What is Internal vs External Financial Reporting?

What is Internal vs External Financial Reporting?

Internal financial reporting involves compiling and analyzing financial information for use by management in decision-making. External financial reporting involves compiling and reporting financial information for distribution among shareholders and potential investors.

Internal vs external financial reporting have several key differences that you should be aware of. Internal financial reporting is a business practice that involves compiling financial information on a frequent basis for use within the organization.

The documents may contain confidential information, such as business indicators, financial performance, performance indicators, etc.. They are designed to help those individuals working within the company to make informed decisions.

On the other hand, external reporting involves preparing financial information to be distributed to parties outside the organization. Unlike internal reports, external reports do not contain confidential information about the company.

The recipients of the external reports include potential investors, lenders, and creditors who require the reports to evaluate the financial position of the company. The main external financial reports include the income statement, balance sheet, and statement of cash flows.

What Is Internal Reporting?

Internal reporting refers to data collection for internal use. Simply put, you don’t collect and analyze data to present it to a client or anyone outside of your business, but to use it within your team for different purposes, depending on report type: improving your marketing strategy, redefining your KPIs, optimizing your expenses, etc.

Internal reporting is useful both for small businesses and large companies, and they don’t always follow the same structure.

Different companies use different reporting strategies: in some, there’s only one person in charge of creating internal reports. In others, every team member has to make a report on a weekly or monthly basis and report to the manager.

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Sometimes, internal reports contain confidential information and their main purpose is to guide the managers. That’s why internal reporting is never meant to be available to external collaborators or the public.

Why Is Internal Reporting Important?

Internal reports provide managers with critical information about how their teams are performing, so they can make data-driven decisions and steer the business.

A well-designed report can help you determine what your strengths are and in what area of business you’re doing well. At the same time, you can determine where you’ve made mistakes and create an actionable plan to eliminate them in the future.

Internal reporting also helps each team member determine what they’re responsible for and what they’re expected to do. Once a campaign or an activity is over, a detailed report on it can help teams pinpoint exactly where things went south or what specific action brought great results.

Edward Mellett of Wikijob also highlights the importance of “internal communication”, which is a part of any internal report. A reporting meeting allows teams to “exchange information, knowledge, ideas, and beliefs among firm employees. It improves efficiency, and goals are easily attained,” says Mellet.

What Is External Reporting ?

External reports are meant to be shared with the public – either broader audiences or your clients, investors, external partners, etc.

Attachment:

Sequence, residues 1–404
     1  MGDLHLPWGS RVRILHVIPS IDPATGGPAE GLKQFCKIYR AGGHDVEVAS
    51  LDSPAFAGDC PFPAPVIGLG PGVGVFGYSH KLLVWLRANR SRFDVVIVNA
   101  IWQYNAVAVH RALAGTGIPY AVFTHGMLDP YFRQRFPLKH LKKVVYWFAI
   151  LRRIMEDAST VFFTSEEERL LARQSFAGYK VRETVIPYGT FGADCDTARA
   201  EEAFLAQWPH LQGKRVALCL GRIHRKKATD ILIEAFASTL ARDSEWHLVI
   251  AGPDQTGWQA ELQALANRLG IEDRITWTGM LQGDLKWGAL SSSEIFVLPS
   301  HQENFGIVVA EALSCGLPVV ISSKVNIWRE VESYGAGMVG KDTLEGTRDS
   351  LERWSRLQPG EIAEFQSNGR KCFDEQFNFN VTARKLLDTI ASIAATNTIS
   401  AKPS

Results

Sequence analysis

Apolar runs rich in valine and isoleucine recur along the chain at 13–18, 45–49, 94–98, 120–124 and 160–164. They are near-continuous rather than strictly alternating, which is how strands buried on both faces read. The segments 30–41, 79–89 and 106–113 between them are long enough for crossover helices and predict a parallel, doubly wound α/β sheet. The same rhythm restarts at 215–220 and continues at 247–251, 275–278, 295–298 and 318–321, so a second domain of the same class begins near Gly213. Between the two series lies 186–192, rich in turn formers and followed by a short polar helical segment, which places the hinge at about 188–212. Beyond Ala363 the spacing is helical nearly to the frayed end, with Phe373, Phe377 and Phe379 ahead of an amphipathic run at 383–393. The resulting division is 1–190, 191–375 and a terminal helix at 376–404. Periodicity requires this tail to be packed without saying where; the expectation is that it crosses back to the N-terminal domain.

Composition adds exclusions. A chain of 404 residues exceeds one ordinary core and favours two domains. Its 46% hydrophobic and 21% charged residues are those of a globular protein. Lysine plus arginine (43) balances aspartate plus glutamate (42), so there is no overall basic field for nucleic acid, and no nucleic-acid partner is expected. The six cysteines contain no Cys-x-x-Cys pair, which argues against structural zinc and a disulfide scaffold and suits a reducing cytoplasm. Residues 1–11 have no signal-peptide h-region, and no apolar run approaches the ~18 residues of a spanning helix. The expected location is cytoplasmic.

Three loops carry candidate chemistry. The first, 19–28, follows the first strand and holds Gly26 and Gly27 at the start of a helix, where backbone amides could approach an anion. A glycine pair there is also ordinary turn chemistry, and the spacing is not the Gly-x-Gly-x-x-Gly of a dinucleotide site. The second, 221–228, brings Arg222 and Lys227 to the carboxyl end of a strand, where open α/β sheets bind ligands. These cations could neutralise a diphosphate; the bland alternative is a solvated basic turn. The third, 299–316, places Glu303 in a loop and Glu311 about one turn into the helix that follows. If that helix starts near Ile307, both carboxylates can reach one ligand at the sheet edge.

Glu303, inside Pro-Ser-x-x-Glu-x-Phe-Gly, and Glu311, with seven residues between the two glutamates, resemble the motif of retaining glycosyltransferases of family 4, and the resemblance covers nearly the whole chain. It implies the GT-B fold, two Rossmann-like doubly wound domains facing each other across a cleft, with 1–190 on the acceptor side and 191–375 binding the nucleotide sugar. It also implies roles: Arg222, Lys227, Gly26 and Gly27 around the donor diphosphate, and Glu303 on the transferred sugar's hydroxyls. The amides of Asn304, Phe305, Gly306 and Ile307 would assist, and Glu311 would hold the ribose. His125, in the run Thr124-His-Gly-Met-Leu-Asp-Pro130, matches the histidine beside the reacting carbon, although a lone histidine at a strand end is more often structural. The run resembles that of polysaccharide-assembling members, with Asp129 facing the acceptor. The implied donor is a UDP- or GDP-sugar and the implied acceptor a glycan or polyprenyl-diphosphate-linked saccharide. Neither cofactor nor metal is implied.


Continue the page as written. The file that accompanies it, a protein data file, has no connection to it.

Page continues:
In many cases, the main focus of external reporting is financial data – especially if you need to justify your spending to the client and showcase the ROI of your activities. If that’s the case, it’s critical to filter the information you’re including in the report to avoid any confidential info that mustn’t be shared outside of your company.

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External reports are sometimes used for marketing purposes, for example, to serve as a foundation for a company’s writer to write a case study or an article.

Companies may structure their external reports in different ways, but common practice is to state the goal of the report at the very beginning of the text since the audience reading it will be broader than in internal reporting.

Why External Reporting Matters

External reports can serve a variety of purposes. For instance, they may be proof of your company’s health for industry experts and analysts.

However, the main purpose for most companies is to make information available to shareholders and attract potential customers and investors. If you’re reporting to a client, it may be a good opportunity to showcase the excellent results you’ve achieved and the positive effects for the client.

Different financial reports can also be external and made public, but they don’t include confidential information. Some of these reports are even required by the law in some countries.

For many marketers, external reporting is a regular part of the job. They need to share reports with their clients, partners, or sponsors, typically on a weekly, monthly, or annual basis. These reports usually contain the most important data without going too much into detail so the client can easily understand the charts and numbers.

It’s important to emphasize that both internal and external reports are equally critical for a business. Sometimes, internal reports don’t get enough attention, according to Gerrit Buss of FourManagement GmbH. “I am convinced that the quality of the internal and external reports cannot differ when they are generated,” says Buss.

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“I have often seen that internal reports are not created with the same passion and quality as external reports. But this is absolutely wrong because the reports should also be used internally to initiate improvement measures.”